Waco nonprofits branch out into food truck industry
From “The Lariat” Baylor’s award-winning student news organization
In the last several years, food trucks have taken Waco by storm, with hubs at University Parks Drive and Magnolia Marketplace as well as appearances at university events like Diadeloso. Pokey O’s, Xristo’s Cafe and Milo Local Provisions are only a few of the food trucks that serve distinctive options to local patrons. Meals on wheels are all around in this college town.
However, two local nonprofits are going beyond just adventurous cuisines by
turning food trucks into tools
for urban outreach. Urban Edibles, the latest installment of Mission Waco, and Veggie Van, which is operated by World Hunger Relief, are using the recent trend in portable restaurants to their advantage.

The USDA defines a food desert as a geographic region, usually in an impoverished
area, with limited or no access to fresh fruit and vegetables. Large sections of Waco, mainly in the northern areas of the city, are characterized as food deserts, areas which are lacking in whole foods but rich in gas stations and convenience stores.

Jimmy Dorrell, founder of Mission Waco, works to rehabilitate the impoverished area of North Waco with the many different branches and programs of his nonprofit, including the Jubilee Theatre, the World Cup Cafe and, most recently, Urban Edibles. we are going to teach him how to work.”

Dorrell prides Mission Waco on offering all the aid of a charity organization without making those in need feel like they can’t be independent.

“Empowerment is really critical,” Dorrell said. “It’s the model that shows that a kid can work. We are not going to give him things.”  

This approach to ministry inspired the creation of Urban Edibles, which opened in September. To make a place for the young people of Waco to work and learn job skills, Dorrell repurposed a snow cone trailer that once catered to beachgoers in Galveston, giving it new life and purpose as a food truck.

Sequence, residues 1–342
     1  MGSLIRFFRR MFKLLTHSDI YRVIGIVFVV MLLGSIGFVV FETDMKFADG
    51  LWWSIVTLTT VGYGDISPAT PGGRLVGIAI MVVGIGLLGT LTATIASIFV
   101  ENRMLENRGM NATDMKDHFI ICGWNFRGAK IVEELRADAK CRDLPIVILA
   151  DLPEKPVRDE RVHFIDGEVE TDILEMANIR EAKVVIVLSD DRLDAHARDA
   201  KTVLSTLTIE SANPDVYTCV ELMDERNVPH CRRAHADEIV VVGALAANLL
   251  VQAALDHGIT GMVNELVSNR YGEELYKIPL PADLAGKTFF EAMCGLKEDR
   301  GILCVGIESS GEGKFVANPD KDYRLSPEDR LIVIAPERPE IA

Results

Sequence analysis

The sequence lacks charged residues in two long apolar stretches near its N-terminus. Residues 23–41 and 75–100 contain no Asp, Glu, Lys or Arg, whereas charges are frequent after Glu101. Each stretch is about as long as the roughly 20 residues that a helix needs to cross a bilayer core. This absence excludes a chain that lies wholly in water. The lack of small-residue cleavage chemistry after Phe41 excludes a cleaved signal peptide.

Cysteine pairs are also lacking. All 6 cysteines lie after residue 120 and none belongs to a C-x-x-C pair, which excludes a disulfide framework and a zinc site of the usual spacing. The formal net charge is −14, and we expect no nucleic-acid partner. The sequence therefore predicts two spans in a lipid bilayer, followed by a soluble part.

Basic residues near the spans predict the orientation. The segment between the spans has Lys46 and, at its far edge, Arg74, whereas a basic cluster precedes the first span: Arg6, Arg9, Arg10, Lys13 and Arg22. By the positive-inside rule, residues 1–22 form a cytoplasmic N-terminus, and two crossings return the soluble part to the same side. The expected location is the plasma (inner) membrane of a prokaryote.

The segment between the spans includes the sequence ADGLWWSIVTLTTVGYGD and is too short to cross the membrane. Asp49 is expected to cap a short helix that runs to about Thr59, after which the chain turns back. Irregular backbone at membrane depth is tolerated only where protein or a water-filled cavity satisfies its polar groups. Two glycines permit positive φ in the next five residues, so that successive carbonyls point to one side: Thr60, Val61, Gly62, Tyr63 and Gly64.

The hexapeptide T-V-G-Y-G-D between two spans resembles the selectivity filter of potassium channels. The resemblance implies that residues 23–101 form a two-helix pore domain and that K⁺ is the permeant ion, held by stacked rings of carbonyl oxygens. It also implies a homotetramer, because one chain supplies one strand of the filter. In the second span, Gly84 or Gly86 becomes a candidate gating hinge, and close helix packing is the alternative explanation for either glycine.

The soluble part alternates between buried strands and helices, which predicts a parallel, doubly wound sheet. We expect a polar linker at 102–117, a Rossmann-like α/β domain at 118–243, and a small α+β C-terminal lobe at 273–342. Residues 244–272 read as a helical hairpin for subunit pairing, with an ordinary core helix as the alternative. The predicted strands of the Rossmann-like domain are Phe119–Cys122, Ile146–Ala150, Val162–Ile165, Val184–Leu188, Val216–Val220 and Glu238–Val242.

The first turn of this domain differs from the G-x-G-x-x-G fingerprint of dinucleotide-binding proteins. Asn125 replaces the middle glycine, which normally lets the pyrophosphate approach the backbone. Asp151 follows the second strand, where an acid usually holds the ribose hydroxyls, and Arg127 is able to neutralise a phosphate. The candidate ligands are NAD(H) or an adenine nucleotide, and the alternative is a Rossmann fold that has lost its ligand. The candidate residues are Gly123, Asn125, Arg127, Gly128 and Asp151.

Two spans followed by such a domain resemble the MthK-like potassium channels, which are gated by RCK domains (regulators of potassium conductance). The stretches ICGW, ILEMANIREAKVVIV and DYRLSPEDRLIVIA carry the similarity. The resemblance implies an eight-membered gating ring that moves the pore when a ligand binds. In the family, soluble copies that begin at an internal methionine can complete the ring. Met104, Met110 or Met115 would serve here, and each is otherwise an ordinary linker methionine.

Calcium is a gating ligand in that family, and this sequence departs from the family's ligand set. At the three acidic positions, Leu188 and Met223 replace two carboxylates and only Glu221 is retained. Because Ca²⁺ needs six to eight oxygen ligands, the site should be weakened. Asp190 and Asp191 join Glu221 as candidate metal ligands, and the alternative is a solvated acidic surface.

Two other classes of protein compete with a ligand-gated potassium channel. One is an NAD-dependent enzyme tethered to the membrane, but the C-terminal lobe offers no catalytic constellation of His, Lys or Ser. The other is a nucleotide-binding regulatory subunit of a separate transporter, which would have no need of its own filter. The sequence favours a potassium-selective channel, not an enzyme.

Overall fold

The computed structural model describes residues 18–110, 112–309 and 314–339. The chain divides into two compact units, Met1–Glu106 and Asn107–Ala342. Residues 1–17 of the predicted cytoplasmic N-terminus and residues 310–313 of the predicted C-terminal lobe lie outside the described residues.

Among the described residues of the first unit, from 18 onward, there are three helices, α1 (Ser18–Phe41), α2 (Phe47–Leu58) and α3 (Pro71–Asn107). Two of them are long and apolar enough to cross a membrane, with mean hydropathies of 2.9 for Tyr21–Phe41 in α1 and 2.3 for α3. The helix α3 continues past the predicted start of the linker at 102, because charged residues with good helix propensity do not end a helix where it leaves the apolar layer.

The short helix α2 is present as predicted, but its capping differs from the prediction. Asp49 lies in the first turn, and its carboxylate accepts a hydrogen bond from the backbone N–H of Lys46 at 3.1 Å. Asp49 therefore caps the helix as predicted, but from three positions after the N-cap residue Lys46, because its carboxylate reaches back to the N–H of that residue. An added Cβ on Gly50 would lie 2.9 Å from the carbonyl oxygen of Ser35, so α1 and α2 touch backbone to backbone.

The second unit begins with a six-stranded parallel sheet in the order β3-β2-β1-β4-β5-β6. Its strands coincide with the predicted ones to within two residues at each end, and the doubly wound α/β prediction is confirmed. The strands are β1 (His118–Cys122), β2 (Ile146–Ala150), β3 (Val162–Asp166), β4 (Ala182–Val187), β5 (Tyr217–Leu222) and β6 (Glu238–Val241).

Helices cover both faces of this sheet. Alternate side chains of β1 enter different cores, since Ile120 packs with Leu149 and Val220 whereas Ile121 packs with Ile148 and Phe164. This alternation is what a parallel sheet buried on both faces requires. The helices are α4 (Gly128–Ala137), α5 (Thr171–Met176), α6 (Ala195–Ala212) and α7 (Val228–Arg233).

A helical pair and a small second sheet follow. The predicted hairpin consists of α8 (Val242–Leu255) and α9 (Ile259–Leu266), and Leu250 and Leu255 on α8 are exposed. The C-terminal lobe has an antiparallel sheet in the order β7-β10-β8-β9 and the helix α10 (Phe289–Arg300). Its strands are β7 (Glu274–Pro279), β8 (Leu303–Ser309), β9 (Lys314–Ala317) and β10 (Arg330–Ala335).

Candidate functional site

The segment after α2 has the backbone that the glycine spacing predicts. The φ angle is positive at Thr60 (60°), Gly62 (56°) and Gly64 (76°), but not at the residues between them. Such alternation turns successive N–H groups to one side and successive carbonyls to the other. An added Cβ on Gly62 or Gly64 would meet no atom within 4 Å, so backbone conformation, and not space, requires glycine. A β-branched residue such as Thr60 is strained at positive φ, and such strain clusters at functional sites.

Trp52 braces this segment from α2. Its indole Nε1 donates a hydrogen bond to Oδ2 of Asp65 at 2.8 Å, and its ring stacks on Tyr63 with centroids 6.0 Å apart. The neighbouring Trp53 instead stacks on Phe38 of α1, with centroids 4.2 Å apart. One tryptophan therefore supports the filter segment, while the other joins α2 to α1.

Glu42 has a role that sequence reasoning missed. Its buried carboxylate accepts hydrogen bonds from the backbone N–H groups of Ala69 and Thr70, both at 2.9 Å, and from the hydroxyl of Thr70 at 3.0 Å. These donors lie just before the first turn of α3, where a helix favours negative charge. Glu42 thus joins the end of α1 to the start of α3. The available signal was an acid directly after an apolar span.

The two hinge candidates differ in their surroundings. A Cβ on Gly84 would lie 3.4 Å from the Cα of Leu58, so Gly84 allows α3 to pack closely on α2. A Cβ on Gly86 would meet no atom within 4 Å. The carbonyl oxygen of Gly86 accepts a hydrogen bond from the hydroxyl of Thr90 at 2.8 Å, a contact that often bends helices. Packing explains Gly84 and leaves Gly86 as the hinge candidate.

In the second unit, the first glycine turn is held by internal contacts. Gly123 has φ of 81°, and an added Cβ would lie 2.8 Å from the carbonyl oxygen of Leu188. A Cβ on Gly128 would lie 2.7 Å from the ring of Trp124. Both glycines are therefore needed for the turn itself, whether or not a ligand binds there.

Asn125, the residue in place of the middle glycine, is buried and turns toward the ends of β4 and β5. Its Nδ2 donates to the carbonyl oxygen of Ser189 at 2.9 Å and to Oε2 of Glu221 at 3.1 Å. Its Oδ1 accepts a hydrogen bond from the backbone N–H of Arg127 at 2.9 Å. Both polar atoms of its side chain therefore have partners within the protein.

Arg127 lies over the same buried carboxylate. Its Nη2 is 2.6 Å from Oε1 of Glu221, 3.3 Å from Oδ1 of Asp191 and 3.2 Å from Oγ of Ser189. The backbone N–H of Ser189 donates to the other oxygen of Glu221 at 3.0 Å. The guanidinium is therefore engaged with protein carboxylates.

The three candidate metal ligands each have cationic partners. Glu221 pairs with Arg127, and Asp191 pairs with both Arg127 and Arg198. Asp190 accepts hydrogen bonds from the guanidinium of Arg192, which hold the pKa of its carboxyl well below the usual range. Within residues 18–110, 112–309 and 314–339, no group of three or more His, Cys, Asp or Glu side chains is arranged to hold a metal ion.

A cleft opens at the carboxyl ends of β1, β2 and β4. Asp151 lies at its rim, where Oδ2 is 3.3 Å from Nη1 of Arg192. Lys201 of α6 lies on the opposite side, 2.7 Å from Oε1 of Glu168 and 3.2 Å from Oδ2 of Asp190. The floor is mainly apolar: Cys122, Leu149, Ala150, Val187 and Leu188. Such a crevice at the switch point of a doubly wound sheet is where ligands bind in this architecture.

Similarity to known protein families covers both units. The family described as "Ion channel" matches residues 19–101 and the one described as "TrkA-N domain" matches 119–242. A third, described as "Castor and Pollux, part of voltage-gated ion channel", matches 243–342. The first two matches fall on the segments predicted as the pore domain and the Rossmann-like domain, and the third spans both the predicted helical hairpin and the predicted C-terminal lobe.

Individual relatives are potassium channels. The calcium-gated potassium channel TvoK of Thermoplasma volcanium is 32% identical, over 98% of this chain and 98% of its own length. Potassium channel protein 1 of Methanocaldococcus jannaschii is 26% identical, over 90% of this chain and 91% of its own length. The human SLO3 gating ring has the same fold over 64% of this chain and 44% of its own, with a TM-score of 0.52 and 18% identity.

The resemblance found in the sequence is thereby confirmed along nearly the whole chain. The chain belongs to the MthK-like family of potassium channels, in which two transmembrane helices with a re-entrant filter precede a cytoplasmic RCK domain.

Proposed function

The food truck is usually parked at 1505 N. 15th St., where it dishes out pulled pork and chicken parmesan sandwiches, burgers and fries from 11 a.m. to 2 p.m. on weekdays.

Nazry Mustakim, who turned to Mission Waco for help in hard times, operates the Urban Edibles truck. He said he stayed to volunteer for the organization once he was back on his feet, and he later joined the staff to repay the kindness shown to him. Now, he wakes up at dawn to make breakfast for up to 40 of Waco’s homeless, another of the food truck’s services. Mustakim works for Urban Edibles as a way to gain experience for his own career in the food industry.

“Without Mission Waco, I wouldn’t be where I am now,” Mustakim said. “I am deeply grateful. Just pouring back and getting involved with Mission Waco is something I enjoy doing.”
Baylor Theatre alumni fling their green and gold afar
From “The Lariat” Baylor’s award-winning student news organization
Baylor Theatre stands among the giants; according to its website, the program ranks among the top 20 in the nation for undergraduate drama and theater arts programs. Baylor Theatre offers undergraduates rigorous training in theater performance, history, design and technology.
That’s not all it provides, however. Baylor Theatre equips its students with more than just acting and technical skills; it ensures that graduates are capable and competitive in the cutthroat entertainment industry they’re entering. Allison Tolman, Toby Meuli and their close-knit group of Baylor Theatre friends have been able to navigate the Los Angeles film industry thanks to the rigor of their undergraduate department.

“There are universities with more alumni out here,” said Meuli, who graduated from Baylor in 2004. “But Baylor Theatre students, in my experience, are some of the smartest, hardest-working and best trained, and it just shows in what they do.”

Toby Meuli migrated to Los Angeles with fellow Baylor Theatre alumna (and now wife) Katharine Everett Meuli. The pair met while rehearsing for an undergraduate performance, and he said their “show-mance” quickly blossomed in the many hours they spent together in rehearsals.

Rising star Tolman, also an original Guerrilla Troupe member and 2004 graduate, has found great success in her post-graduate career. She founded nonprofit Second Thought Theatre in Dallas after she graduated and went on to train at Second City, an improvisational acting school in Chicago. After continuing to build her skills, Tolman landed a starring role in the hit TV show “Fargo,” which earned her Emmy and Golden Globe nominations.

Tolman attributed the success of the theater department to its leaders, who ensure that support and goodwill are always maintained among their students.

“A lot of it comes from the way that we were taught to support each other and the way we were supported by our professors and directors,” Tolman said. “It didn’t foster a spirit of competition amongst us.”

The department not only trains young actors in technical skills, but prepares them to interact with others in the field. Tolman said this has resulted in unbreakable friendships that have lasted through the years and across hundreds of miles. The theater department has created an incredibly close group of talented individuals living 1,200 miles away, who still Sic’ em in front of the Baylor football big screen.

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